I use to be a grocer back in the day when everything was price marked, and when we had to do a price change on canned goods we would break out the hair spray and wipe off the old price with a dry cloth.
     
  12. pdxjohann

    pdxjohann Portland near Tigard Member

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    hair spray and gun solvent (acetone?) Thanks for the tips

    I'll try a sharpened snap tree trimmer too. Thanks everyone

    Now where did I leave my tennis shoes?
     
  13. fromotoc

    fromotoc Downtown Portland, OR Member

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    Throwing stars....
     
  14. Stomper

    Stomper Oceania Rising White Is The New Brown Silver Supporter

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    LMAO!! When I was in the Army, it was common practice for troops getting ready to return to the civillian world to spray paint their jump boots orange, tie the laces together and sling them over the power lines.... and yes... after my first hitch I did it too! :D

    6-mos. latter I enlisted again... LOL

    After my second hitch I was more mature and dignified and abstained from acting like a dumb kid... I was just glad to be alive and in relatively one piece. ;)
     
  15. Buddhalux

    Buddhalux Hillsboro, Oregon Active Member

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    I hear ya Stomper. Ardennes St. used to have a metric arse ton of Jump boots hanging from the power lines when I was there from 90-95. I never painted and tossed mine up there since I had real Cocheran's. Those things weren't cheap back in the day.
     
  16. Stomper

    Stomper Oceania Rising White Is The New Brown Silver Supporter

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    Yeah... Corcoran's were spendy back then... but have you seen their prices NOW?! :wow:

    I used to own 3 sets of them (the standard two sets weren't enough) when I was a Drill Sgt. They would always get salty on the outside at the end of the day... so I always had the "crusty" pair, the "spit-shine in progress" pair, and the "ready to go for the next day" pair and would just keep rotating them in the "production line" everyday so I could have a fresh pair of sweetly spit-shined boots everyday that weren't "swampy" on the insides... even though Drills got an extra laundry allowance to have their stuff done by the cleaners, don't get me started on the requirements for keeping the BDU's all pressed and sharply creased everyday too... it's a MAJOR reason why Drills are always so flippin' grounchy!! :bluelaugh:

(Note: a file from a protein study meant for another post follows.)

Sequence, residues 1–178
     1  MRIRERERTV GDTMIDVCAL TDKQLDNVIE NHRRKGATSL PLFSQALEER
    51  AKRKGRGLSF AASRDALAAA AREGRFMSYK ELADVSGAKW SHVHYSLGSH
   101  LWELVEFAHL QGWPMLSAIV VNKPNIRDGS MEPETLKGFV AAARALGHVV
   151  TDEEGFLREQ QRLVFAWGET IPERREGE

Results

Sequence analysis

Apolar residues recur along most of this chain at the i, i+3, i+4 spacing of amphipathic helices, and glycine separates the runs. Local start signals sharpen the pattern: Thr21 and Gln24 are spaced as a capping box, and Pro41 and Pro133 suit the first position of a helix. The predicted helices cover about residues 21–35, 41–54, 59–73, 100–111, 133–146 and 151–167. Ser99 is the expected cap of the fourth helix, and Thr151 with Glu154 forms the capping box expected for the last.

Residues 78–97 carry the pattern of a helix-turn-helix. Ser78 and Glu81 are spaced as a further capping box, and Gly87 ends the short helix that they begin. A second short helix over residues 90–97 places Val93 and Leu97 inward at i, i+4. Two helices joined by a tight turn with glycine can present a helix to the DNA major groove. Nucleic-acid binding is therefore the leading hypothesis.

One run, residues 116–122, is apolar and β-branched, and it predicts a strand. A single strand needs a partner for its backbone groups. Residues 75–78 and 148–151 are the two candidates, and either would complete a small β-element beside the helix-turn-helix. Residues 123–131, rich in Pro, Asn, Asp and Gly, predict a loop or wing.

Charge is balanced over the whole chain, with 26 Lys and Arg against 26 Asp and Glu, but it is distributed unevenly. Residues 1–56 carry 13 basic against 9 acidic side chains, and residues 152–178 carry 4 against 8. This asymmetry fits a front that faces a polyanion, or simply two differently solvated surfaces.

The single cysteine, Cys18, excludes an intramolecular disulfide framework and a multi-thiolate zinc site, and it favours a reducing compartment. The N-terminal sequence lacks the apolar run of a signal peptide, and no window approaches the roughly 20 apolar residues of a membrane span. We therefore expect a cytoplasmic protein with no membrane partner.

BTW- WD-40 works BRILLIANTLY for removing spray paint from automobiles and such. :thumbup:
     
  17. roguebowhunter

    roguebowhunter medford Member

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    power lines can shock you if your grounded when you touch them.. best leave it to the electric company .. Don
     
  18. finch6013

    finch6013 Oregon City Active Member

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    I am an electrician. Power lines for the most part are all insulated. Kinda hard to get shocked unless you are really asking for it.
     
  19. roguebowhunter

    roguebowhunter medford Member

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    i was in the electrical biz in a past life... for 8 yrs.. insulated yes .. but ain't worth the risk if ya ask me ... Don
     
  20. Buddhalux

    Buddhalux Hillsboro, Oregon Active Member

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    Ya, salt crustiness did suck. You couldn't soak your boots long enough to get it all out of there. Blood didn't help your boots much either. I had a pretty decent system down to where I could spit shine a set of jungle boots in 15 mins. The great thing about starched BDU's was that the ticks and chiggers hated it for some unknown reason.